Mr Pankhaniam, a Yorkshire surgeon, noted that milk should first be used in hard water areas of the country, which is unlikely to affect more northerly and less built-up areas, such as Yorkshire

Mr Pankhaniam, a Yorkshire surgeon, noted that milk should first be used in hard water areas of the country, which is unlikely to affect more northerly and less built-up areas, such as Yorkshire

Mr Pankhaniam, a Yorkshire surgeon, noted that milk should first be used in hard water areas of the country, which is unlikely to affect more northerly and less built-up areas, such as Yorkshire

Drinking five cups of tea a day improves focus and reaction times in people over 85,

If you enjoy a cup of tea, you may be more refreshing than just your taste buds.

A new study by researchers at Newcastle University shows that a good brew improves brain function in people over 85 years old.

The study showed that tea drinkers who enjoyed more than five cups a day had more focus and a sustained attention span.

They also showed better psychomotor skills – those that link brain and movement.

During tests, they showed better accuracy and responsiveness, which could help with everyday activities such as making a jigsaw, sewing, or driving.

Making tea the traditional way – soaking a bag in hot water before taking it out and adding milk – turns the tannins into solids before they can properly develop the flavor.

“But if the milk is added at the beginning of the steeping process, the proteins can bind to the tannins and other minerals in the water – preventing them from solidifying – which in turn gives you a much better taste.”

Hard water, such as that found in London, is rich in calcium and magnesium, while soft water is purer and devoid of these harmless pollutants.

Water is naturally soft when it falls like rain, but collects impurities as it makes its way through the rivers and treatment centers.

Water increases in hardness as its mineral content increases, with more than 350 parts per million (ppm) considered “ aggressively hard, ” said Aquacure

Anything below 100 ppm is considered soft, and water above 101 ppm is hard to varying degrees.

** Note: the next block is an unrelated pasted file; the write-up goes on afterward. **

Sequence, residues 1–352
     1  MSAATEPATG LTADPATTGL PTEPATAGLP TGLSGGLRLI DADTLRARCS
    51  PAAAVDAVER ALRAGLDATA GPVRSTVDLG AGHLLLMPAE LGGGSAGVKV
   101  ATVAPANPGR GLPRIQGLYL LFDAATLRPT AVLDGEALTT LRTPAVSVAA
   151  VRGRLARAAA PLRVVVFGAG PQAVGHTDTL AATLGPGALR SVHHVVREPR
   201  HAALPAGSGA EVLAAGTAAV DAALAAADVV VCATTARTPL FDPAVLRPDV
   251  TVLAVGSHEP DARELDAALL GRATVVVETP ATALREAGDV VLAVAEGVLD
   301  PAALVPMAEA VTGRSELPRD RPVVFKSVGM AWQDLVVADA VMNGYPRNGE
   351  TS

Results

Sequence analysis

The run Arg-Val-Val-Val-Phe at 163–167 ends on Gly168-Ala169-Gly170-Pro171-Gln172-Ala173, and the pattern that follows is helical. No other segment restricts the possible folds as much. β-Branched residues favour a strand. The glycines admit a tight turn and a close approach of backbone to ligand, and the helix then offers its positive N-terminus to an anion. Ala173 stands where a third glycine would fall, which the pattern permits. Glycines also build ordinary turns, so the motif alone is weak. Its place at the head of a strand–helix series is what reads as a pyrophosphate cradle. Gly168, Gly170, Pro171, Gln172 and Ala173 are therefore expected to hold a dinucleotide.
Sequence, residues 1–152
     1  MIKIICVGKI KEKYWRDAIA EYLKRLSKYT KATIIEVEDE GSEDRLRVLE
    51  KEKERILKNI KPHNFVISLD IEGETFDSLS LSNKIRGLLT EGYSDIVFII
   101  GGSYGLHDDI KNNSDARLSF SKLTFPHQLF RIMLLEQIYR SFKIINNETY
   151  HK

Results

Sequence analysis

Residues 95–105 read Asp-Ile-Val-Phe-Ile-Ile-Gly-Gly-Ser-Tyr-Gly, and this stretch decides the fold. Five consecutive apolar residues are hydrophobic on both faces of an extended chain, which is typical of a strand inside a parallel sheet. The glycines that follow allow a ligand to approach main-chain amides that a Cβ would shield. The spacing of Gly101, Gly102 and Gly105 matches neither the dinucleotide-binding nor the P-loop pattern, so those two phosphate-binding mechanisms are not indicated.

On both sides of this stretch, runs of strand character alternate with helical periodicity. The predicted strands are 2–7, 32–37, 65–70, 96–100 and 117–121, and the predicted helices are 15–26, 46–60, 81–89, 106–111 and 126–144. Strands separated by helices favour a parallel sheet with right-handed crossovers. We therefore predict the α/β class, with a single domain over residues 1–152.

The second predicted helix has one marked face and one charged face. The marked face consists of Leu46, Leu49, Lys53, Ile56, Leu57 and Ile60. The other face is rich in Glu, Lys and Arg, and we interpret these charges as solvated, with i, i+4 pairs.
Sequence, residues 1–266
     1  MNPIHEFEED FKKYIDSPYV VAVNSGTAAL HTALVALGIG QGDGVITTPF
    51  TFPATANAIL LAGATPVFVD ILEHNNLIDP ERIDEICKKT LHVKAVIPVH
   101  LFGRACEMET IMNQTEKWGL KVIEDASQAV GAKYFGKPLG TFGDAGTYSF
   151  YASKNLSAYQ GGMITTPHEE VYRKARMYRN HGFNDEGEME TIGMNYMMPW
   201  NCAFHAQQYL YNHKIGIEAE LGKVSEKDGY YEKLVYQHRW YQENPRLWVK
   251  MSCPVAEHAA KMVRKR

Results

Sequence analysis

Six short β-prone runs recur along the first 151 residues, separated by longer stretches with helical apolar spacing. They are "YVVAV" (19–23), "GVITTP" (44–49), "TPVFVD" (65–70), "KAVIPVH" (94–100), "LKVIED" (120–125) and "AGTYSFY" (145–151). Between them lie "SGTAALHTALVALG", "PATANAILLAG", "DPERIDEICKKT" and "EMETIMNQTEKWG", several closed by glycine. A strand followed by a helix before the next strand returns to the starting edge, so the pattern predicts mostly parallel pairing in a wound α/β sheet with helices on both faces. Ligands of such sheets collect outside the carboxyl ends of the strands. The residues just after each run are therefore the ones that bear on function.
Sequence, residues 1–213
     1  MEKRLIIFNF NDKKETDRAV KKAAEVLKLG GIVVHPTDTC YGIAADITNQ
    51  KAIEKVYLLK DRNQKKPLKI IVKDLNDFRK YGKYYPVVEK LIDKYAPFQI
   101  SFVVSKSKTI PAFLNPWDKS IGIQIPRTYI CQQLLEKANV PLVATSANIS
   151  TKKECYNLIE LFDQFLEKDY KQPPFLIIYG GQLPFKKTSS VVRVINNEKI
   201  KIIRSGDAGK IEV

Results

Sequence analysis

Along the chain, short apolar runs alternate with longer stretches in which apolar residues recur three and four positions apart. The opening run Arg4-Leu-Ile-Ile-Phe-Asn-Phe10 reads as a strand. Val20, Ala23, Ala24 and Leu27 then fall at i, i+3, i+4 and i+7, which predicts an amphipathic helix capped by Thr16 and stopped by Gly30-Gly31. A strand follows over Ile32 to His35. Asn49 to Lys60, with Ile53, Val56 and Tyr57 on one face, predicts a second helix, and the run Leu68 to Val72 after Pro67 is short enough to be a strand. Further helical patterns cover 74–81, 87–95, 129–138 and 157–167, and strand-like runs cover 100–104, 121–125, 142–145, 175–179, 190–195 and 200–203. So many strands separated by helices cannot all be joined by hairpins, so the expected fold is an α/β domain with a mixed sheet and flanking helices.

Kieran Taylor-Bradshaw, general manager of hot water tap manufacturer INTU Boiling Water Taps, added, “A decent cuppa brings joy and brightens the day, but for many it remains a distant dream, with hard water to blame.”

He adds that INTU is “delighted to be able to end the misery that is wrecking millions of lives,” but it seems many Britons are unwilling to change their age-old way of stomping.

Dan Walker, BBC Breakfast host, said Professor Mackie’s research shocked his co-host, Louise Minchin.

Meanwhile, Good Morning Britain’s Adil Ray, who ran the show after Piers Morgan’s departure, discussed the topic on ITV this morning.

He revealed that he likes his strong tea and with the milk after the water and the tea bag, but his co-host Kate Garraway revealed her fondness for tea made with the milk put into the cup first.

When she heard of Professor Mackie’s revelation, she exclaimed, “So I’m right!”

According to a Twitter survey run by GMB, Kate is very much in the minority.

More than four in five respondents say they prefer water to milk, and only 18.2 percent of people say they start drinking milk first.

Good Morning Britain's Adil Ray, frontman of the show after Piers Morgan's departure, brought up the topic on ITV this morning.  He revealed that he likes strong tea and with the milk after the water and the tea bag, and some viewers agreed

Good Morning Britain's Adil Ray, frontman of the show after Piers Morgan's departure, brought up the topic on ITV this morning.  He revealed that he likes strong tea and with the milk after the water and the tea bag, and some viewers agreed

Good Morning Britain’s Adil Ray, frontman of the show after Piers Morgan’s departure, brought up the topic on ITV this morning. He revealed that he likes strong tea and with the milk after the water and the tea bag, and some viewers agreed

Adding water before milk is deeply rooted in British culture, and people hate switching to adding milk first

Adding water before milk is deeply rooted in British culture, and people hate switching to adding milk first

Adding water before milk is deeply rooted in British culture, and people hate switching to adding milk first